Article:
It is estimated that more than 10,000 villagers will be affected by the plan, and that more than 10 villages will be demolished. Almost all of the villages that are under threat are largely inhabited by non-indigenous villagers. Non-indigenous villagers migrated to Hong Kong after World War II. They farmed in the New Territories and built their homes near their fields. However, they are not landowners because land in the New Territories belongs to indigenous villagers. So even though the non-indigenous villagers have lived in the area for decades, according to authorities, they have no rights to the land. “The most ridiculous thing is, even though non-indigenous villagers have been living there for 50 or 60 years, their houses are still classified as squatter huts, a temporary form of housing. The authorities don’t recognize their housing rights… Non-indigenous villagers are easy targets of bullying because their rights are not protected by law,” says Chan.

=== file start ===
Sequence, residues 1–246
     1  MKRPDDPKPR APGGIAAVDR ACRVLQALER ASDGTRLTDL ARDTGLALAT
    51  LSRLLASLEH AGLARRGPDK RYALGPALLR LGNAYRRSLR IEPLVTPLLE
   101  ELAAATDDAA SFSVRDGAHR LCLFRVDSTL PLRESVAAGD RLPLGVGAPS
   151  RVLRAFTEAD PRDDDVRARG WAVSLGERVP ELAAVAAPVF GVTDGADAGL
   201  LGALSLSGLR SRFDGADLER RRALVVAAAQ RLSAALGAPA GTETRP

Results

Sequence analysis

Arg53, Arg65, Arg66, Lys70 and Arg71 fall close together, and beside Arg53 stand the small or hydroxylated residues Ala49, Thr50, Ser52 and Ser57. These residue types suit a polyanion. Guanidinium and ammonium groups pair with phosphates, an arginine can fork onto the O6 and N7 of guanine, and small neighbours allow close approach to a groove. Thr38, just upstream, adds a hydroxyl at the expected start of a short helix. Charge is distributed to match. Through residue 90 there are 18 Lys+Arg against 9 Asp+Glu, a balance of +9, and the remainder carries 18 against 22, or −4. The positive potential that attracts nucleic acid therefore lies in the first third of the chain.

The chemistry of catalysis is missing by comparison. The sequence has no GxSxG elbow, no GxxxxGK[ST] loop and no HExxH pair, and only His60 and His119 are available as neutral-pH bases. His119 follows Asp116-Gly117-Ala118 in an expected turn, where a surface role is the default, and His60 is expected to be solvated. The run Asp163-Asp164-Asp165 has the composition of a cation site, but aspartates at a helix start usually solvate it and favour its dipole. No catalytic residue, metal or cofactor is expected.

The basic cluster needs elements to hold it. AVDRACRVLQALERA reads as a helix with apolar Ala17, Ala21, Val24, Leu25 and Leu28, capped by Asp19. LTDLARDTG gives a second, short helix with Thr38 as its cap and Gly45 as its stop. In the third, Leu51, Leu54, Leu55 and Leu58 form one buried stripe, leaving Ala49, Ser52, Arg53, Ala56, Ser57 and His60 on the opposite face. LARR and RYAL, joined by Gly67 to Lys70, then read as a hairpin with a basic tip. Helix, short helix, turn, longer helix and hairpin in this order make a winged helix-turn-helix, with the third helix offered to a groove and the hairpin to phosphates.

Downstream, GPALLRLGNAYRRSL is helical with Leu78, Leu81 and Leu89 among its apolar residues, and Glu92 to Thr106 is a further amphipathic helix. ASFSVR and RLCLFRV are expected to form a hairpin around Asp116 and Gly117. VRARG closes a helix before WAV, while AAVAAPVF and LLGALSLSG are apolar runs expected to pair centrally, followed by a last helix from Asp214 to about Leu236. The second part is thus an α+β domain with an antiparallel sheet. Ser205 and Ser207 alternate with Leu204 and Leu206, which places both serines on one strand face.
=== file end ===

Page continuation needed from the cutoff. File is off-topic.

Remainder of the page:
Although it is the non-indigenous villagers who will be most affected by the development plans, no one sought to gain their input. In fact, the first and second phases of the consultation, which were conducted in 2009 and 2010, did not actively engage them at all. “The villagers of Ping Che did not know about the plan before—they only learned of the plan when they were invited to a poon choi banquet hosted by gleeful indigenous villagers. Some of the elderly villagers attended, and they were only told at the feast that the celebration was because the government would claim the land for development. They only learned that they would have to move at the banquet,” Chan says.
Unlike urban renewal projects, the government has not conducted any studies to investigate how many villagers are going to be affected; neither has it come up with any compensation or resettlement plans for the affected villagers. The only thing the government has done is to carve out a 3.2 hectare parcel of land in Kwu Tung North, where a public housing project will accommodate the non-indigenous villagers.